Since I live in a small New York City apartment, the next part can be tricky: lay the sweater flat to dry. So I found this ingenious sweater dryer, which hangs from the shower curtain rod. Voila! I’m a hand-washing maestro!

Smart Storage

Smart Storage

When your coats come back from the dry cleaner, get rid of the flimsy plastic wrap they come in right away. (Actually, you should do it for all of your dry cleaning; the plastic can trap moisture and residual dry cleaning chemicals). Cotton garment bags are inexpensive and a great way to protect coats and jackets as they hang in the closet over the summer. 

Anything foldable, like sweaters, should be stored in boxes. If you’re only storing them for the summer, plastic storage bins are perfectly fine. For longer-term storage, consider something that allows air to circulate, like a canvas storage box.

Create a Faux Cedar Closet

Create a Faux Cedar Closet

Mothballs do what they say they do: deter moths. However, I loathe the smell of the things and always worry about the chemicals. Cedar also does the trick, but alas, I lack a cedar closet (I also lack a washer/dryer and a dishwasher, but that’s another story). It’s easy to mimic a cedar closet, however, with an inexpensive set of cedar storage accessories and a bottle of this amazing cedar spray. I vacuum any closets or shelves where the clothes will be stored, then mist the area with the cedar spray. All of the cedar blocks and sachets get an additional cedar-spray oomph before I throw them in the clothing storage boxes and the bottom of any garment bags. It’s an easy, all-natural bug deterrent and it smells great.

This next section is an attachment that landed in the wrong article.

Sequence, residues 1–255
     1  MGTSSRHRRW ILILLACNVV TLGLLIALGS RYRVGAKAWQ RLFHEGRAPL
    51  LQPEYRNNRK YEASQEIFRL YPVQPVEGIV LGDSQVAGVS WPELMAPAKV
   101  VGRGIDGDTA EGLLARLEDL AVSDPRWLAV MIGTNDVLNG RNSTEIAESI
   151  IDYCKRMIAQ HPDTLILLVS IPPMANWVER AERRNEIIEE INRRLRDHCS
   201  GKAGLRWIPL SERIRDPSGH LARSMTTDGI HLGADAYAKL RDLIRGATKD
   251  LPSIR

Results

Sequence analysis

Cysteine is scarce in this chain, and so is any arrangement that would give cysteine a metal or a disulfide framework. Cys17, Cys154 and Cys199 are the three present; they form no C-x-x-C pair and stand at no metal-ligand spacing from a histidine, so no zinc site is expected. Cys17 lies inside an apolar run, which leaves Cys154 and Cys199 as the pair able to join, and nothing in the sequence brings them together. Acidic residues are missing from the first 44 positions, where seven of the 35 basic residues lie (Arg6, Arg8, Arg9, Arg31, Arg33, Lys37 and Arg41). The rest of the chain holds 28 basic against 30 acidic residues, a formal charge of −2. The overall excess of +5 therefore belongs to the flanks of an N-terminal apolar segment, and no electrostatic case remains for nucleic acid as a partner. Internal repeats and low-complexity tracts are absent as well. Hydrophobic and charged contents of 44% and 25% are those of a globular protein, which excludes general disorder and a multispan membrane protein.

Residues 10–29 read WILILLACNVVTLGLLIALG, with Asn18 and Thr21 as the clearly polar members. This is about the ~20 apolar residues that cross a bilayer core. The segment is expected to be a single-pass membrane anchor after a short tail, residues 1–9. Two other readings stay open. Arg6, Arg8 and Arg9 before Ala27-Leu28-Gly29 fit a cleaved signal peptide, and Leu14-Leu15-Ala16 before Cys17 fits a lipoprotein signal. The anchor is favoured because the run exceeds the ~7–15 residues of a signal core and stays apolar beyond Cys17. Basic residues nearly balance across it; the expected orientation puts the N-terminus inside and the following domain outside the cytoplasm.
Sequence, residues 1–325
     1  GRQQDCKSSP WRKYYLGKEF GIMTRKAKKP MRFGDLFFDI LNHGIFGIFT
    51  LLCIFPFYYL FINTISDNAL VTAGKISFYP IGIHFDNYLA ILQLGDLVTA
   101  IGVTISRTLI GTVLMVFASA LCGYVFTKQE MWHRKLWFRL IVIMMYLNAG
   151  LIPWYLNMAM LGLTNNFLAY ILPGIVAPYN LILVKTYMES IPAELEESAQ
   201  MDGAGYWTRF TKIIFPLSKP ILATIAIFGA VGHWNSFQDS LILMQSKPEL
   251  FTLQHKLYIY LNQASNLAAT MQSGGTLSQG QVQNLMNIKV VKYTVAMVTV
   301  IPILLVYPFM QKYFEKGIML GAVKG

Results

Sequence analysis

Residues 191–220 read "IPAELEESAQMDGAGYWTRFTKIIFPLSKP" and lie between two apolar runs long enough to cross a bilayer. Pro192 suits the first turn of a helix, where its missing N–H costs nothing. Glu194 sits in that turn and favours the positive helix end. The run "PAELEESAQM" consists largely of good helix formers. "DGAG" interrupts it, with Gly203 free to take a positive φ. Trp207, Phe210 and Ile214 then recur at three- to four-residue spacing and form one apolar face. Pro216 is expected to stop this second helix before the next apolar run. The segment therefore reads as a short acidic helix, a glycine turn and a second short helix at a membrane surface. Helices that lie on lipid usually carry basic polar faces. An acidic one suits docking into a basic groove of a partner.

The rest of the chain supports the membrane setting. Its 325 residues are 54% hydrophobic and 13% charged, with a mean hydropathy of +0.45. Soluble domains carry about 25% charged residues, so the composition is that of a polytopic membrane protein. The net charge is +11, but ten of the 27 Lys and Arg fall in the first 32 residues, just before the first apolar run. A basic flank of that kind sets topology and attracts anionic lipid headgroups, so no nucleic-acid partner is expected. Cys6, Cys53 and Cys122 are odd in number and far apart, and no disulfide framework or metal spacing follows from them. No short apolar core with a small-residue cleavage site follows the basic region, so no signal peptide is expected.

Don’t Forget the Shoes!

Don’t Forget the Shoes!

Before you put expensive leather and suede boots away for the season, inspect them for any damage or cracking. Use a soft shoe brush to remove any dirt and/or residual salt and wipe them down with a leather cleaner and conditioner. If you’re having the local shoe repair shop do this for you, check to see if the heels and tips of the boots need additional reinforcement with rubber taps

After my boots are spruced up, I use boot shapers to prevent the leather from creasing if the shaft flops over. Stuffing them with newspaper is another good option. I never bother keeping the boxes my boots come in, so I store them in cheap pillowcases. Works just as well, and takes up a lot less space.

Refreshing Stored Clothing

Refreshing Stored Clothing

Fast forward to when summer’s over, and it’s time to throw on that cozy sweater! If you’ve taken the time to store them right, you shouldn’t have any unwelcome surprises when you take them back out. However, after a few months of storage, your clothing may smell a bit musty, or a bit too cedar-y. Remove everything from the storage container and give it a chance to air out, ideally outside. Alternatively, a quick once-over with a clothing steamer will also perk up heavier wool and cotton clothing. Febreze also helps, or you can make your own by combining two parts water and one part fabric softener in a spray bottle.